Five years have passed since the savage terrorist organization Hamas took Israeli soldier Sergeant Gilad Shalit captive in a raid on an IDF position near Gaza. Two of Shalit’s fellow soldiers were killed in that raid.
Since then, the terrorist group has held Shalit incommunicado at an unknown location, as a bargaining chip for the release of terrorists held in Israeli jails and as a means of getting attention and conducting endless psychological warfare against the Israeli people.
Israelis are notoriously sensitive to the welfare of their captive soldiers and citizens. In the state’s early decades, the government refused as a matter of principle to negotiate with terrorists and preferred to conduct military raids to release hostages. The most famous of these was the Entebbe raid
, in which Prime Minister Binyamin Netanyahu’s brother Yoni was killed.
The Israeli position has softened since the mid-1980s, however, and over the years Israel has proven its willingness to pay for the release of hostages by releasing hundreds of terrorists. In terms of internal Israeli culture, the virile soldierly ethos of the past is derided as "machoism" by the carriers of Political Correctness, who peddle a more "sensitive" and "nurturing" mindset.
While Israel formally does not talk to Hamas, negotiations for Shalit’s release have been going on through intermediaries for years. Every few weeks, the media prominently reports “progress” in talks for his release, and these reports are then denied. The result is an emotional roller-coaster for the public.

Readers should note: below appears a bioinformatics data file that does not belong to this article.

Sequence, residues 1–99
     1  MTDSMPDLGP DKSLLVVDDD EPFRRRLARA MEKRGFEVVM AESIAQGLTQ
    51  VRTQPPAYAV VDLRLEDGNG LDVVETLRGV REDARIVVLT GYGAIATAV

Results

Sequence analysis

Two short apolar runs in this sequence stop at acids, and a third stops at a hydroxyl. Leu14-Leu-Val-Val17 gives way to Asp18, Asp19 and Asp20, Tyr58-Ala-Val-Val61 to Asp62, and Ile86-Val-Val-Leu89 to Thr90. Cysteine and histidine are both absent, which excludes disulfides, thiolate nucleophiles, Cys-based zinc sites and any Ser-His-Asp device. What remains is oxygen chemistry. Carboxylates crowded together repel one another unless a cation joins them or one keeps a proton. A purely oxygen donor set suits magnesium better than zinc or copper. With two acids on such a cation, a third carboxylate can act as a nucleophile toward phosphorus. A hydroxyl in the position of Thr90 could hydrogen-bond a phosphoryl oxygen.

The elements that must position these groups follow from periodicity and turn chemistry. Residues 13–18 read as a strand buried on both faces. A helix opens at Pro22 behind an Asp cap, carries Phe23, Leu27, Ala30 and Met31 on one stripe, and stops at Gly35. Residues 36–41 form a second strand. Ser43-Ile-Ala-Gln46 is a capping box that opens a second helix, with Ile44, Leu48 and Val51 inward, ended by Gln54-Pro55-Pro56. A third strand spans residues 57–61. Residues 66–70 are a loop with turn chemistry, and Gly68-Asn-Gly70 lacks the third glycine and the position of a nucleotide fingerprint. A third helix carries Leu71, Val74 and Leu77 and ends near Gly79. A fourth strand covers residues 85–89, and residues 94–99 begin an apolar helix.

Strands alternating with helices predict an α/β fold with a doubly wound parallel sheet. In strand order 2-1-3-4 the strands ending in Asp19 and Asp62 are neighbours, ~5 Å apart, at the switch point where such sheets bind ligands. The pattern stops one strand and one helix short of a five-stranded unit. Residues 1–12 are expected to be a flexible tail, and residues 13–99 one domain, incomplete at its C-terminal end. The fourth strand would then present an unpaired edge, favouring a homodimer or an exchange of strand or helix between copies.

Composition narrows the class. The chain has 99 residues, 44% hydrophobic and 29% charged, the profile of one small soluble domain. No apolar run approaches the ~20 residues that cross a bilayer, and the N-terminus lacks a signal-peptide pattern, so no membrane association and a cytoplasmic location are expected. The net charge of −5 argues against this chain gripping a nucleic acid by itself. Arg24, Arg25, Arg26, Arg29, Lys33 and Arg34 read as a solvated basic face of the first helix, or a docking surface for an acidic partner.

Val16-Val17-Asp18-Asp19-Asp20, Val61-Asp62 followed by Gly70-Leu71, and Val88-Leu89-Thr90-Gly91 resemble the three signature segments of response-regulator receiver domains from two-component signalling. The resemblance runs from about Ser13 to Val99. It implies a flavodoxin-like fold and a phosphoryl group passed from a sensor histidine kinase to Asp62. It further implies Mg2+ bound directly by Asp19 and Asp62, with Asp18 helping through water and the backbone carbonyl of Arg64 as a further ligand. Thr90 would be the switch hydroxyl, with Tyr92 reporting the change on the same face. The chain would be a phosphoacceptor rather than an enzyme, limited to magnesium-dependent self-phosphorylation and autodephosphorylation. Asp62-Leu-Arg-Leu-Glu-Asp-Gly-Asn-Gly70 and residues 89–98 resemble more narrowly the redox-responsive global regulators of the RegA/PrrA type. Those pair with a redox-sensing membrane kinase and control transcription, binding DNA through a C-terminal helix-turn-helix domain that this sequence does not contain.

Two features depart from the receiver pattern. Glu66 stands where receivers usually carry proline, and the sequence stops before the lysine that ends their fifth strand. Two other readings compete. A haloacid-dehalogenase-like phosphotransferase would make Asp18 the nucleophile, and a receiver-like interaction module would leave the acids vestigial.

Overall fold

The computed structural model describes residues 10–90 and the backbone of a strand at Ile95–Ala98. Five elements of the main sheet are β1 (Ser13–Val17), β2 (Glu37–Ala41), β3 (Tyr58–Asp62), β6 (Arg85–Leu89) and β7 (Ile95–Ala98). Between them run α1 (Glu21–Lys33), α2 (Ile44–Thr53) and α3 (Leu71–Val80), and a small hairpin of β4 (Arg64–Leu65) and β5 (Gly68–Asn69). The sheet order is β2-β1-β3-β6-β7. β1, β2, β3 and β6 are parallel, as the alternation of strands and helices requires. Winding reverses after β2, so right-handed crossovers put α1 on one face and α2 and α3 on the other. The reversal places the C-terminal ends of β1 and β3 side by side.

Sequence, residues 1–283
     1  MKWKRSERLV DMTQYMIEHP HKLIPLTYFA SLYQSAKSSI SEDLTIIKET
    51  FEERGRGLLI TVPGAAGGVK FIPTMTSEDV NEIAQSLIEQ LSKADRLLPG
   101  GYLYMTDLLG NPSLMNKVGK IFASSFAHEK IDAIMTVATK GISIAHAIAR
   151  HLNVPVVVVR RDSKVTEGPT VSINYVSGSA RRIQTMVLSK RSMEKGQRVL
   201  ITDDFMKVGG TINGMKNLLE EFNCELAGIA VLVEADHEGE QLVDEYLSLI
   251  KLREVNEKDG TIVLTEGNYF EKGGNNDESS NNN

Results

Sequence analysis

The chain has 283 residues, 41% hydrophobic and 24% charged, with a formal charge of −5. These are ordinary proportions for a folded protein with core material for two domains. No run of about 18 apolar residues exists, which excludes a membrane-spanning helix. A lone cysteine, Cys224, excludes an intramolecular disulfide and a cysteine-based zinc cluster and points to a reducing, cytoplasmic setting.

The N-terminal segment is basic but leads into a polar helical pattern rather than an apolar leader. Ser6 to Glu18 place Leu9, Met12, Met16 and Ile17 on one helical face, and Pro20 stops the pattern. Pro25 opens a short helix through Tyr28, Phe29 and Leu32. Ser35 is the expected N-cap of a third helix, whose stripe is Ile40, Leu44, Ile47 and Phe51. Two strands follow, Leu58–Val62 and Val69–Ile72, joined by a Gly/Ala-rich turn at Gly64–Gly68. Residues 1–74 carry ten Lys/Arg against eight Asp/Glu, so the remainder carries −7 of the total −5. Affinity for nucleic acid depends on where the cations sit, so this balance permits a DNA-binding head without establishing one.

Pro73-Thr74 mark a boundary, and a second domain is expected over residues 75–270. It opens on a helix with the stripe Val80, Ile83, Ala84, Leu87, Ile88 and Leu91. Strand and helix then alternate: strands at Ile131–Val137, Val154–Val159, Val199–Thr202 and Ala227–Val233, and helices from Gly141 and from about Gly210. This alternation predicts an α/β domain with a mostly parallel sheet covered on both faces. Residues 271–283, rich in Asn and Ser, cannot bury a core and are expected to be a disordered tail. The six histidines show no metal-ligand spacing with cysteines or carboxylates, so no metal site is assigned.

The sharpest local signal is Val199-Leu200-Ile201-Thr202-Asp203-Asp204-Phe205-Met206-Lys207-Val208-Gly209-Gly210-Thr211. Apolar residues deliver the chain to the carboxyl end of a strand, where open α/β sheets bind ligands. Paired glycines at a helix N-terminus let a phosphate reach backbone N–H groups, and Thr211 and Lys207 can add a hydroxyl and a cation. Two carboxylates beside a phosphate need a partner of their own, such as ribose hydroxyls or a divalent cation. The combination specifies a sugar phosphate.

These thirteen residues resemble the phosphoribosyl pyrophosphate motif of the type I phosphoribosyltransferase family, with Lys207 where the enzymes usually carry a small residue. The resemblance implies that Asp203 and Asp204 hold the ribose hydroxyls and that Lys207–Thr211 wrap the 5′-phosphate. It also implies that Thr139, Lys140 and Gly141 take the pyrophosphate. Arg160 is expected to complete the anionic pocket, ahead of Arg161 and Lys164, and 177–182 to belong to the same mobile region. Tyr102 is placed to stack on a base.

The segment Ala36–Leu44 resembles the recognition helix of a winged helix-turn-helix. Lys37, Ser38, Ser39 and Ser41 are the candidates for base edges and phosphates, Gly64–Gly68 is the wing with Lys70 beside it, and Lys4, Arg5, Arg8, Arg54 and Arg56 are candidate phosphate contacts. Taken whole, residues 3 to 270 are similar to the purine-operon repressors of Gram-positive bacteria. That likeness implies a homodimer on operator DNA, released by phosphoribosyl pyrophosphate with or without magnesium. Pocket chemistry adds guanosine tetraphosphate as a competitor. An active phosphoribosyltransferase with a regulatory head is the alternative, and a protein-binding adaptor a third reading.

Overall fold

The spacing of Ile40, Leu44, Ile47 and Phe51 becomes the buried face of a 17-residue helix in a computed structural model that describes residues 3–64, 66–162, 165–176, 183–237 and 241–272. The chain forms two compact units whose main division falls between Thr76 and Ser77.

In Jerusalem, Shalit's parents, his brother and his brother's girlfriend chained themselves to one another and to a railing on the side of a small street near the prime minister’s residence.
"We are marking five years' anniversary of Gilad's captivity in the Hamas hands and we, as you can see, are also a family in captivity for five years," said Shalit's father Noam in Jerusalem Sunday.
In Israel, some 400 activists gathered Sunday at Kerem Shalom, the border crossing where Shalit was captured on June 25, 2006.
Over the years, Shalit’s family members have been joined by a well-oiled public relations machine which usually calls for a surrender to Hamas’s demands. To a lesser degree, the Shalit campaign places pressure on Hamas or calls for a toughening of the closure on Gaza. The Israeli press cooperates fully with the PR moves.
On the fifth anniversary, Israel's largest news website, Ynet
, is broadcasting a live stream from a mock jail cell in which media celebrities, former POWs and others spend an hour each, talking to the cameras and expressing their thoughts and emotions. The Shalit family has announced an SMS petition campaign for their son's release. Previous campaigns have included a march from the Shalits' home in Galilee to Jerusalem, protests by youths
, an "army" of cardboard cutouts in Schalit's image outide the Prime Minister's Office and the disruption of the main Independence Day ceremony
The leaders, activists and experts opposed to the release of Shalit at the price demanded by Hamas say that such a deal would strengthen Hamas and lead to the deaths of many innocent Israelis as a result.